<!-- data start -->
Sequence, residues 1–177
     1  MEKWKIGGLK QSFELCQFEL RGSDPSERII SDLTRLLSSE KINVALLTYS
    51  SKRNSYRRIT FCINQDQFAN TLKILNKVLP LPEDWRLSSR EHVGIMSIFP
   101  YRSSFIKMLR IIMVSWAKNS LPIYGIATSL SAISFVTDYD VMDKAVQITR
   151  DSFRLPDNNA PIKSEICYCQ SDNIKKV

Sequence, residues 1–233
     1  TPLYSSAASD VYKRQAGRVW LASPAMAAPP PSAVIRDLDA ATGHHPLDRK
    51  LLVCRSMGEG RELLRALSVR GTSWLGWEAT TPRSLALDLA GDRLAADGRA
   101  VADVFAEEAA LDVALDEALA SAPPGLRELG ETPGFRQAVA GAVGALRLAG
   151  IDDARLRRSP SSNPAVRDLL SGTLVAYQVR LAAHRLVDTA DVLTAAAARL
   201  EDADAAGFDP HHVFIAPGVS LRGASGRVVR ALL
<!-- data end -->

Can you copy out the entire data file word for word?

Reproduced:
Sequence, residues 1–177
     1  MEKWKIGGLK QSFELCQFEL RGSDPSERII SDLTRLLSSE KINVALLTYS
    51  SKRNSYRRIT FCINQDQFAN TLKILNKVLP LPEDWRLSSR EHVGIMSIFP
   101  YRSSFIKMLR IIMVSWAKNS LPIYGIATSL SAISFVTDYD VMDKAVQITR
   151  DSFRLPDNNA PIKSEICYCQ SDNIKKV

Sequence, residues 1–233
     1  TPLYSSAASD VYKRQAGRVW LASPAMAAPP PSAVIRDLDA ATGHHPLDRK
    51  LLVCRSMGEG RELLRALSVR GTSWLGWEAT TPRSLALDLA GDRLAADGRA
   101  VADVFAEEAA LDVALDEALA SAPPGLRELG ETPGFRQAVA GAVGALRLAG
   151  IDDARLRRSP SSNPAVRDLL SGTLVAYQVR LAAHRLVDTA DVLTAAAARL
   201  EDADAAGFDP HHVFIAPGVS LRGASGRVVR ALL